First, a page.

A conventional publishing model is not the only means by which a publisher might publish a book. At Dostoyevsky Wannabe we engage in a variety of experimental publishing modes.
Sometimes it's hard to imagine that publishing can take more than one form and to realise that it exists as a set of particular practices that change over time. Conventions become naturalised to the point where what might be termed 'conventional' publishing becomes the only type of publishing possible in people's minds (if they think about it at all). At Dostoyevsky Wannabe, our view is that there are a number of disadvantages and barriers created by this type of thinking and for that reason we seek, sometimes by necessity and sometimes by deign, to experiment with different publishing models.
Fairly simple economies of scale govern conventional publishing, the more money a publisher has the less they pay per unit to produce a title and this means that wealthier publishers, with more initial capital to invest in the first place, stand a better chance of selling their books. This leads to a lack of diversity in publishing on a number of levels and subsequently this can lead to a lack of diversity with regard to the actual books and authors most likely to be published.
For the majority of the 20th century books were produced via print runs of a relatively large and numerous size. This maybe followed by second printings and third printings and more if the books continued or less is they failed to sell, the book being discontinued and falling out of print. In the 21st century, the landscape has changed. Aside from e-books, which can remain indefinitely in print, print books too can now remain indefinitely in print via print on demand processes. With print on demand, a book doesn't come into existence until it is purchased by a reader and this new(ish) technology allows the possibility for individuals who do not have great amounts of capital to become publishers and to devise differing publishing models that can either eschew large and expensive print runs or dually utilise them.
The advent of print on demand publishing has largely been made possible by the internet and, as with many online innovations, this has had a detrimental effect on bricks and mortar shops and stores of all kinds. The print on demand model, depending on which print on demand provider(s) a publisher chooses to work with, means less books printed by way of a print run and this is turn can mean that there are fewer books in a publisher's inventory that need to be sold. Traditionally a larger print run yields a large amount of stock that is required to be sold in order to pay the printer and previously this meant that publishers were heavily reliant on bookshops to take these books, on a sale or return basis, in order to sell them. Online sales and print on demand have altered that balance.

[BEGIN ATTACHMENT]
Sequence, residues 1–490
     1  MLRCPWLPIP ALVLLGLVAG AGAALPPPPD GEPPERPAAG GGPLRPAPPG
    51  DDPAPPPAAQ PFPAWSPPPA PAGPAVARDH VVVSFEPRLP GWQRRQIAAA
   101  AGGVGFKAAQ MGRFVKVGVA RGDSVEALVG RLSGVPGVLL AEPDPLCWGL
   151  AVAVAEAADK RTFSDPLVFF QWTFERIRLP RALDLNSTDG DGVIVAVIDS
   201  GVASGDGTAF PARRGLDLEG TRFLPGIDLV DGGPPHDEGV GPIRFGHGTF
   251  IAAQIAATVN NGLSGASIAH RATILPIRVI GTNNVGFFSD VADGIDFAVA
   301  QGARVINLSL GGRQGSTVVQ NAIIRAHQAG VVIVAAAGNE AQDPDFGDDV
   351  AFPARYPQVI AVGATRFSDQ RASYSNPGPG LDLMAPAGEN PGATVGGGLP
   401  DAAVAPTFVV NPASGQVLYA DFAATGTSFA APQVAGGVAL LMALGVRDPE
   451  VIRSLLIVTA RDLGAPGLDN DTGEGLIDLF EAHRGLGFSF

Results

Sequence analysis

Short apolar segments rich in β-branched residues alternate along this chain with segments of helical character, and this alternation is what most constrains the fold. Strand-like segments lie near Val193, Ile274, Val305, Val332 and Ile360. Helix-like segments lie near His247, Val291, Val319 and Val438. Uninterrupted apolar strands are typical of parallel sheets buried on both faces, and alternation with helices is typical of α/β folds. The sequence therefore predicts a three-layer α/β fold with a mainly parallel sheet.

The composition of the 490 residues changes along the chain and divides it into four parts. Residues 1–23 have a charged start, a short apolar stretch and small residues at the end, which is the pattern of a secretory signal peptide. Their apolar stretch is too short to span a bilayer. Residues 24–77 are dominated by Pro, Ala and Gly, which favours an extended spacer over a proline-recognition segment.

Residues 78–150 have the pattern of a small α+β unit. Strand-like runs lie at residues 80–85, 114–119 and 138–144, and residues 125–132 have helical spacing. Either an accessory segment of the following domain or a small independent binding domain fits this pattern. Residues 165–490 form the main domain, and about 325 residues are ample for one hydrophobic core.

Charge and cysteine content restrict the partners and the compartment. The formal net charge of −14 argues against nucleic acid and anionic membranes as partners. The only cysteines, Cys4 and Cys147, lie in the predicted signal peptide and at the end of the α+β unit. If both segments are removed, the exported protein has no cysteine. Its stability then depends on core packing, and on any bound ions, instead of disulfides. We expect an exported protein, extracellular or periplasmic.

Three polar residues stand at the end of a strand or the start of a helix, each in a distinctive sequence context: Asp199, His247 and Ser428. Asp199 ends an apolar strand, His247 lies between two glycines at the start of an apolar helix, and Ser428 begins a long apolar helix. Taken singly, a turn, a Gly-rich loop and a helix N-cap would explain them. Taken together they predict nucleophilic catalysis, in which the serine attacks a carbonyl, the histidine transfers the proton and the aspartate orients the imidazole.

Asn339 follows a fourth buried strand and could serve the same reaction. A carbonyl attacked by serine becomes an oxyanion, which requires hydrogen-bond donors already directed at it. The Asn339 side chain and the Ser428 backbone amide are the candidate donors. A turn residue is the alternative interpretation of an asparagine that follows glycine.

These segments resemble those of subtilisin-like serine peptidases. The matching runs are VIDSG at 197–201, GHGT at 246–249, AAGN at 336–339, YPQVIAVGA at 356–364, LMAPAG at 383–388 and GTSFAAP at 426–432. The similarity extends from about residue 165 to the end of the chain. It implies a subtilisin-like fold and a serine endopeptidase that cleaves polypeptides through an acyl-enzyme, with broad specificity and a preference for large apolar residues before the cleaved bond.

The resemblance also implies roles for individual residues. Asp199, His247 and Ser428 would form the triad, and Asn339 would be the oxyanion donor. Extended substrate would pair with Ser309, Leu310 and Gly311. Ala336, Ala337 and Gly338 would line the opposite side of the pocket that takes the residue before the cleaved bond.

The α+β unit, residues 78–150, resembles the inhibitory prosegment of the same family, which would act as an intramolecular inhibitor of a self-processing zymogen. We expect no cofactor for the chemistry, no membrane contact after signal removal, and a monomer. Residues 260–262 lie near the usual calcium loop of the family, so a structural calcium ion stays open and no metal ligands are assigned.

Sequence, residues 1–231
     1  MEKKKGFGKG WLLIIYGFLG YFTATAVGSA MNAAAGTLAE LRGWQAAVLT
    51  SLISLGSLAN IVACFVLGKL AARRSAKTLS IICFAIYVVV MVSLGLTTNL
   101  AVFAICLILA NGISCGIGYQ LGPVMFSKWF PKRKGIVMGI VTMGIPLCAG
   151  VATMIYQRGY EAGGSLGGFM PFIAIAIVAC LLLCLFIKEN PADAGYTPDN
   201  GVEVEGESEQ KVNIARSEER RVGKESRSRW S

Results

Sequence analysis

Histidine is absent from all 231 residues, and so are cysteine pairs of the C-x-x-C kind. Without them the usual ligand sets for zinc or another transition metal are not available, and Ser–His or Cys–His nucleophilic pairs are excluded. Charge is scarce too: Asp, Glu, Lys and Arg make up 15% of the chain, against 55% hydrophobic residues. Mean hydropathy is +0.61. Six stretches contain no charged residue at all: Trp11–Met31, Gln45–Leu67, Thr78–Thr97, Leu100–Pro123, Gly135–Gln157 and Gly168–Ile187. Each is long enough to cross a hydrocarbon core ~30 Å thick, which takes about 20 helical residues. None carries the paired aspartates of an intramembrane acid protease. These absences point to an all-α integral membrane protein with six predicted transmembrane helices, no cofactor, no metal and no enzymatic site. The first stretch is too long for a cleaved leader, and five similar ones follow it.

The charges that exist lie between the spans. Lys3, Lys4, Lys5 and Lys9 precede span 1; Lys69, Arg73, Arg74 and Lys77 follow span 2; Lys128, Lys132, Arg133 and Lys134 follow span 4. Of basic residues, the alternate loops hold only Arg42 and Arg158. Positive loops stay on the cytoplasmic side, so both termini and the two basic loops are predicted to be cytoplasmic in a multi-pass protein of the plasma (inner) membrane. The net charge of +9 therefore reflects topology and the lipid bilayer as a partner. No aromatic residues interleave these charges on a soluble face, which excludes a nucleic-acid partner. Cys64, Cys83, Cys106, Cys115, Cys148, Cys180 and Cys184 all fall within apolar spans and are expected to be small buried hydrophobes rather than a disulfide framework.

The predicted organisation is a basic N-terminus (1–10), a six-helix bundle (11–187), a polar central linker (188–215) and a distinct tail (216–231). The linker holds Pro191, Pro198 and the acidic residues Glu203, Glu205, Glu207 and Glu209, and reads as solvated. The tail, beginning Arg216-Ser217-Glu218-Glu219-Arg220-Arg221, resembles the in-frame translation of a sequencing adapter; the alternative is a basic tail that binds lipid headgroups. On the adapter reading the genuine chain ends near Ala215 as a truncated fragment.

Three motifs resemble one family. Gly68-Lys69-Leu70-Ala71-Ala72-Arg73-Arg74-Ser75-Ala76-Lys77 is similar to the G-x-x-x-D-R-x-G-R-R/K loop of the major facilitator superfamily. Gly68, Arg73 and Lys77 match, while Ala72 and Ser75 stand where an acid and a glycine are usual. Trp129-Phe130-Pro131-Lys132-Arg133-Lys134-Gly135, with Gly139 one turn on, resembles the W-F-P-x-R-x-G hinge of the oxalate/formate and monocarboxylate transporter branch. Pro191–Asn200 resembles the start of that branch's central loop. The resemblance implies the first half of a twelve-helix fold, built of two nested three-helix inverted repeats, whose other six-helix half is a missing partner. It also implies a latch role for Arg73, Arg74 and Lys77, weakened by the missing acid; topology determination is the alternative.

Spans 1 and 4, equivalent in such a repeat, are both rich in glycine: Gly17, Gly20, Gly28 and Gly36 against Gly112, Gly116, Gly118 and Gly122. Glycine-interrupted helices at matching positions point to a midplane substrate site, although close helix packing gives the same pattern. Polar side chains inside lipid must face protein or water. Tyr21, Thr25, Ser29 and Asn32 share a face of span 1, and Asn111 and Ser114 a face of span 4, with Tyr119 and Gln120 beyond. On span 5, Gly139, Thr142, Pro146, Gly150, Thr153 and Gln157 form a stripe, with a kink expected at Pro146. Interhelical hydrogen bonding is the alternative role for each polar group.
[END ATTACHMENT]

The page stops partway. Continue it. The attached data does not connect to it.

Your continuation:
All of this suggests that the publishing landscape has changed and that there are now a range of pathways into publishing, some that lean towards online sales, other towards bookshops, and yet more to both. This is particularly true for the small press at least. The major presses continue to be able to have the best of all worlds.
What follows is a short guide to the different publishing models offered by Dostoyevsky Wannabe and why we choose to engage in them.
The classic DW publishing model, the one that we started out with, and the one that produced the majority of our books for the first five years of our existence, produces all of its books via print on demand services alone. This classic model produces books quickly and numerously and its only stated aim is that it wants to produce either books that are good, books that are bad (in a good way) or books that are cool. Classic model books are not edited or proofread by Dostoyevsky Wannabe and instead that job falls to the author and/or whoever they engage to help them with their book. That's not to cast doubt on the quality of many of these books, many are carefully edited, and innovatively written with the only difference being that this is all done from the author's viewpoint with no input from us as the publisher. Don't be deceived by the numerousness and speed of the books produced by the classic model, many have sold in good numbers, others have been lauded in both the more independent literary press and the more established literary press, and at least one has been shortlisted for a national prize.
The quality of print on demand books, in the hands of a careful designer, are often every bit as well-made physically as your standard trade paperback with only a few caveats that are linked to unavailability of access to the printer, to knowledge of the print stock, to an ability to colour manage front-cover designs.
In terms of financial organisation between publisher and writer, this classic Dostoyevsky Wannabe publishing model is divided into two options. In OPTION 1, the author/writer sets up their own print on demand account and uploads their own book and Dostoyevsky Wannabe merely assists in giving the book a home as part of the Dostoyevsky Wannabe roster, at the same time as creating the book cover design and setting the type. For this, Dostoyevsky Wannabe earn nothing and, in fact, do not even have access to the sales figures of such books. OPTION 2 follows the same practice but instead the author/writer foregoes their royalties and donates any royalties that arise from the sales of each book to Dostoyevsky Wannabe in return for their trouble in designing and typesetting the book for free. With Option 2, the book is uploaded to a Dostoyevsky Wannabe account where it is usually sold at a very inexpensive price. The decision of whether the book is published under Option 1 or 2 is always the author's. The reasoning behind this is that we do not have the time to prepare royalty statements and accountancy processes for the volume of books that are sometimes published via this publishing model. So it is one or the other. We don't mind. Plus not all literature is published with financial compensation in mind (which is not to say that economic labour doesn't always enter into the equation when authoring literature or publishing literature, because it does).